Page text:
Massarano, Jacchino or Isacchino

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MASSARANO, JACCHINO OR ISACCHINO (16th century), Italian choreographer. In 1583 he was commissioned to provide the dances for Bernardo Pino's Gli Ingiusti Sdegni which was performed by the Jewish Theater in Mantua in honor of the marriage of the duke's heir, Vincenzo Gonzaga, who was an intimate friend. The following year, when Vincenzo visited Ferrara, he was sent to supervise a similar performance there. In 1591, the poet Manfredi corresponded with Massarano and also commissioned him to supervise dances for him. When Giovanni Guarini's Pastor Fido, the most famous play of its day, was staged at the ducal palace in Mantua in 1598, Massarano was commissioned to supervise the "Blind-folded Dance" for the ballet. He was also appointed choreographer for one of the Jewish theater's biggest performances, Accessi de Amor fatta by Niccolo Grassi, in 1605, when 64 members of the company took part, and in the following year he choreographed the Tasso's Delli Intreghi de Amor. Massarano was also a composer, teacher, and singer. He was father of Abraham Massarano, historian and author of Ha-Galut veha-Pedut (Venice, 1634).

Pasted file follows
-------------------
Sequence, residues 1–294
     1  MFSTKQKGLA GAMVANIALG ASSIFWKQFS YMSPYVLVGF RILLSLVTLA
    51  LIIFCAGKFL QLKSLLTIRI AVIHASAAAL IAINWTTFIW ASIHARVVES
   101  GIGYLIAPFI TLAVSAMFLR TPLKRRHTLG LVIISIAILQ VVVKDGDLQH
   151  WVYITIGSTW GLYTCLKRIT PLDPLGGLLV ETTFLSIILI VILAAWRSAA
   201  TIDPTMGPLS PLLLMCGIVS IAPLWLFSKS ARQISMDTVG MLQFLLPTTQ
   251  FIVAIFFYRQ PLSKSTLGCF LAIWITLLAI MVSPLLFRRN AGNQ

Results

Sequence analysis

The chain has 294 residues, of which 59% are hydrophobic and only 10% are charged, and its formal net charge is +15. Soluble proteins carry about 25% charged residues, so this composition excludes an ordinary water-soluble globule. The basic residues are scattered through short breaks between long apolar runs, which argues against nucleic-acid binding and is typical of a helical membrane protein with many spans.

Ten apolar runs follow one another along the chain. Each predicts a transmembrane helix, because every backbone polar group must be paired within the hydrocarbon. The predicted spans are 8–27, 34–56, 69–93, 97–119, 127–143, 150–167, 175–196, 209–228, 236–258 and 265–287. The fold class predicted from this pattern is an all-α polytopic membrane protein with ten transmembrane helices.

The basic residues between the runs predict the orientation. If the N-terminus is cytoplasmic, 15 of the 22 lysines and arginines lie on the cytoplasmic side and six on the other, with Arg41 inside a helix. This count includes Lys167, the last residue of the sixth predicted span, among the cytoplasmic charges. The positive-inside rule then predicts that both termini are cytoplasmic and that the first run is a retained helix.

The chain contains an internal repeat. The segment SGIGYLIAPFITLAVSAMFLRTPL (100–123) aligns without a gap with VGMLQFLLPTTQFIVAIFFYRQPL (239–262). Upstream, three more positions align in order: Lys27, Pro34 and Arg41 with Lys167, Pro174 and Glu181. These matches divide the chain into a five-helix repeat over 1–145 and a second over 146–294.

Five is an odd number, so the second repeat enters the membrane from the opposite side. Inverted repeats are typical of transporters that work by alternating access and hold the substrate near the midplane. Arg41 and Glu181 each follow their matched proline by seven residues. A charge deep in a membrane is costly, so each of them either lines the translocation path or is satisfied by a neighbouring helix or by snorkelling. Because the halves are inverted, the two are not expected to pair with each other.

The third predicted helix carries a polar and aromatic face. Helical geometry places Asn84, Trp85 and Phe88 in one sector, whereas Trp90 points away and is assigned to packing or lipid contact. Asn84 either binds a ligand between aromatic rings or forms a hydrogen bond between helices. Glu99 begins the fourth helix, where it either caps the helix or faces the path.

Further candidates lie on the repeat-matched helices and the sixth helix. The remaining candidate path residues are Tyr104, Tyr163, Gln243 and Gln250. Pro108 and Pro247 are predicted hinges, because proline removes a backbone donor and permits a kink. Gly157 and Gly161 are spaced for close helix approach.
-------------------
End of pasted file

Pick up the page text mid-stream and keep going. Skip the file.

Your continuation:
C. Roth, Jews in the Renaissance (1959), 284–5 and index; S. Simonsohn, Toledot ha-Yehudim be-Dukkasut Mantovah, 2 (1964), index and bibl.; A.D. Ancona, Origini del Teatro in Italia (18912), index; E. Faccioli, Mantova, la storia, le lettere, le arti (1962).

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Massarano, Jacchino or Isacchino

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